MISSING PERSON: Andy (Andreas) Robbins. 25 years old, 6’1”, dark hair, dark eyes, prominent birthmark on right side of nose, skinny, possibly wearing a grey herringbone dress coat and a scarf. Tattoos on both shoulders and right wrist. Contact with any information: Elsa and Bruce Robbins (home) 212-431-5872. (Cell) 917-318-9707 or email at [email protected]
NEW YORK – Andreas Robbins, a 25-year-old Greek-American who lives in Manhattan’s Stuyvesant Town, left a suicide note in his bedroom threatening to jump off the George Washington Bridge on December 30 and has not been seen all week.
Dr. Stamatopoulou spoke to The National Herald. Her voice full of anguish and pain, she said that “if Andrew happens to read your article I hope he just sends me a message that he is O.K. I don’t want to influence your decisions,” and added “I love him very much.”
She said “Andreas disappeared on Monday night. From his writings we are concerned that he was very upset and that he wanted to go far away. Hopefully he has not left Earth.”
When asked if Andreas was facing some kind of problem, she said, “My child is very bright, he is smart and he was searching for the right path professionally and for his life in general. He was thinking also that New York might be a little too difficult a place for him.” Regarding his studies, she said Andreas first studied Religion,” explaining that he was not interested in becoming a priest, it was just a philosophical interest. Most recently he was studying Business.
“He was interested in doing something related to agricultural or in opening a cafe. He was searching and made several inquiries outside New York and I imagine that these are very difficult decisions for him and he thought that if shared his thoughts with us or with his girlfriend that we would try to influence him, so he decided, let’s just say, to cut communications.”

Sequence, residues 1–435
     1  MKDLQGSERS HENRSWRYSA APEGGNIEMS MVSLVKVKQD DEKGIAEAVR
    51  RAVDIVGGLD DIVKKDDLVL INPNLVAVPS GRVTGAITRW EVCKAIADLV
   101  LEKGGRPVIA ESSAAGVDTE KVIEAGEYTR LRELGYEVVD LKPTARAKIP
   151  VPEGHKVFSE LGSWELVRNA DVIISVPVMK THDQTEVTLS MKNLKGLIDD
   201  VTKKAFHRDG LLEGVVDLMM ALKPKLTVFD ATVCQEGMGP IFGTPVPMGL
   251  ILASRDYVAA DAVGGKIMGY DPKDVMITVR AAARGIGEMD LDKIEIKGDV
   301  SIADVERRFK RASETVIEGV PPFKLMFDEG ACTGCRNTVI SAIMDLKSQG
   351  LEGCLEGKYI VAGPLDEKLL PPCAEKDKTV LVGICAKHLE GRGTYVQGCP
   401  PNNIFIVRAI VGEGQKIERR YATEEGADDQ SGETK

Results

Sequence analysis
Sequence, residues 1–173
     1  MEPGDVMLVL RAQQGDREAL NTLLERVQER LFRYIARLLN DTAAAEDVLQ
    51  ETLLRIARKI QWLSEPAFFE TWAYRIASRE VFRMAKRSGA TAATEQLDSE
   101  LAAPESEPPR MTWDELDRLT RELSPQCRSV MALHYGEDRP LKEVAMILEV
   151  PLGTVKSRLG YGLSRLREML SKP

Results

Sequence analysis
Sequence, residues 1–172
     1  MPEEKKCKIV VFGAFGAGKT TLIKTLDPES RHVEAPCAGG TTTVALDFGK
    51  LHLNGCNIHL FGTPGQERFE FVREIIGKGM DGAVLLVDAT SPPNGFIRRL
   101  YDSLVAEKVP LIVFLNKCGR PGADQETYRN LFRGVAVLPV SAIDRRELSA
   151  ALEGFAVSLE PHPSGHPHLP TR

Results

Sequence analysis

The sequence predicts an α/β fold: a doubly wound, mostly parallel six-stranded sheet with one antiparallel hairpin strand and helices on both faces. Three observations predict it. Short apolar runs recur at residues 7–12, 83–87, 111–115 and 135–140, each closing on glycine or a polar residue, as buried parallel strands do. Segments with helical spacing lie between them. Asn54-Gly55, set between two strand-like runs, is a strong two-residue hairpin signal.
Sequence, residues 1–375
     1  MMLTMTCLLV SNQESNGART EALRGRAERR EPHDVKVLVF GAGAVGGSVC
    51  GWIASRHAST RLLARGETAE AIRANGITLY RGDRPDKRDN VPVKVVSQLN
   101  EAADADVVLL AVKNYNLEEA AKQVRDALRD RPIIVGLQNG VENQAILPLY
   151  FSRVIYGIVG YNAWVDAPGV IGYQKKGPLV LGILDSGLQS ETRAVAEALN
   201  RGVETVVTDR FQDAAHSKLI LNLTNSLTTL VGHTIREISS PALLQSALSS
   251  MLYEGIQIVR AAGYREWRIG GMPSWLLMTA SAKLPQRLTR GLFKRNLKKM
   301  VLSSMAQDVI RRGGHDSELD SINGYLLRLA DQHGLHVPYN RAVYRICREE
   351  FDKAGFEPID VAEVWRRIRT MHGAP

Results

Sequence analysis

She added: “the only thing I hope for as a mother – it is not a problem if he has cut communications with us, we don’t care what he does, – is that he is safe.”
Dr. Stamatopoulou said there was no recent emotional eruption or anything like. Asked if he might have been affected by the religions he was studying, she said his work “had nothing to do with sects and such. Andreas certainly had spiritual interests but I would not call him religious. He was certainly spiritual and very thoughtful. ”
When asked if Andrew had been suffering from some form of depression she said he was engaged in “existential searching inside him,” but that he did not talk about death; rather “he was making plans for the future.”
She emphasized that “we have hope and faith that Andreas will return. I have the impression that he wanted to cut some threads…I think he wanted to say: ‘Leave me alone so I can make a new start. I don’t want to be in New York and I do not want to be in school. I want to be in a bucolic place and to be in a small community,’ and I think that’s what he did. “
His father, Columbia University English literature Professor Bruce Robbins, told the New York Post that Though cops were initially helpful, Robbins said, they’re now telling him they’re too busy with the Garner protests to help search for his son.
“I was kind of speechless,” Robbins told The Post. “A detective basically said, ‘There’s no one out to take your case because everyone is out there dealing with the consequences of the Eric Garner case.’”
Robbins and, Elsa Stamatopoulou, learned about the note after their son’s girlfriend notified police.
“The note said that he wanted his savings to be given to an organization that fights depression and fights suicide and that he wanted his ashes strewn in the Mediterranean, which is where his mother is from,” said Robbins.
“Cops say they’ve been ‘working diligently’ to find Andreas, who went by Andy.
They’ve sent out harbor and aviation units and canvassed around his neighborhood, law-enforcement sources said. They also issued a missing-person’s report.
His bank account has no activity, sources added…Andy, who is 6-foot-1, was caught on surveillance footage leaving his apartment Monday at 7:45 p.m. without his cell phone or bank card,” the Post reported.
“We just want a sign that he is okay,” Robbins said. “He should do whatever he wants, go wherever he wants, whatever he needs to do, but we just want to know that he’s okay.”
He described his son as a generous person who, “would stop for an hour and talk to a homeless person at 1 a.m. in the morning.”